I would guess that everyone, at some time or another, has had troubles sleeping. I personally go through cycles – sometimes I fall right asleep and wake up feeling refreshed, and other times I will toss and turn all night. In college, I seemed to survive off of 4-5 hours per night, but studies show that really isn’t sustainable for healthy bodies. Sleep is linked to energy, metabolism, productivity, and aging… it is a pretty important part of your day (night). I aim for 7-9 hours of sleep every night, and I make it a large priority. Here are some tips that I have found to really work:
No caffeine after 2pm. This includes coffee, soda, etc. Caffeine stays in your system for a while, so just stay away from it after noon if you can help it.
Go to Bed Early. You need to literally calculate the time you should be in bed to get a good night’s rest. I used to do this backwards… I would get the extra minutes of sleep by pressing the snooze button on my alarm, or re-setting it for a later time. But the best thing to do is think, I need to be up by 7am. Therefore, I should be sound asleep NO LATER than 11pm. Meaning I need to be in bed by 10 pm. Do not assume that when you get in bed, you are going to fall right asleep. At least not at first, if you are used to staying up later. Back when I used to work out at 5am every morning, I had to force myself to get in bed at 8pm. Yes! 8pm!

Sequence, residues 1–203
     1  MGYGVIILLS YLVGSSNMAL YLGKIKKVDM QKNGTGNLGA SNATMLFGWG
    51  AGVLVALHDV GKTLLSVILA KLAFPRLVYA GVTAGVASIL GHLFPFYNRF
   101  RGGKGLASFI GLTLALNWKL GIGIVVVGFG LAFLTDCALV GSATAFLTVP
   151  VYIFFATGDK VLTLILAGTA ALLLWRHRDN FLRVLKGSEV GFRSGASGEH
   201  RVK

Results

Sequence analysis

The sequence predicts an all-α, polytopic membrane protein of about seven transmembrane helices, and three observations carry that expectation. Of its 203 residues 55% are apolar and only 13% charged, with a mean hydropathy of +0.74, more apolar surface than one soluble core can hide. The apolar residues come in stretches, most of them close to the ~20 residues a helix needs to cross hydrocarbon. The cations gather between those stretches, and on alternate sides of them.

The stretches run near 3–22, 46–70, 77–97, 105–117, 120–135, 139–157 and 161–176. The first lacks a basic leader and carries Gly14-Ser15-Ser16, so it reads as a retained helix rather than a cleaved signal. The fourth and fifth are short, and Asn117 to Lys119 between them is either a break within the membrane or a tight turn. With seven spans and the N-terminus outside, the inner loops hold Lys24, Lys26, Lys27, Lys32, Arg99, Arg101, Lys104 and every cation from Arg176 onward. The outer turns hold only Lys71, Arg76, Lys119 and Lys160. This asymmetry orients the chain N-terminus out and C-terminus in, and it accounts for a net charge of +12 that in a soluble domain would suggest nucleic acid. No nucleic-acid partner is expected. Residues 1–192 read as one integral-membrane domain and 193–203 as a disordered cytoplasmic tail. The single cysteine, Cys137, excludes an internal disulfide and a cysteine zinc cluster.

Keep it Cold. People sleep best in cooler temperatures. The ideal room temperature for sleeping is 65-68°F. In the wintertime, I keep my AC off and turn on my ceiling fan.
Complete Darkness. This means no cell phone or laptop in bed. No light whatsoever. Get black-out curtains for any windows. Your body needs this darkness to produce melatonin, which helps you sleep.
Track Your Sleep. One of the best apps I ever downloaded was SleepCycle. It tracks the quality of your sleep and makes you aware of how many hours you are really getting throughout the week. It also serves as an alarm clock, and has the option for a soothing sound to help you fall asleep.
Naps Don’t Count. While the occasional nap might make you feel refreshed, it doesn’t really count toward your sleep time because you aren’t getting the benefits of the full stages of sleep.
I challenge you to get 56 hours of sleep (that’s an average of 8 hours per night) for the next week. Think you can do it?
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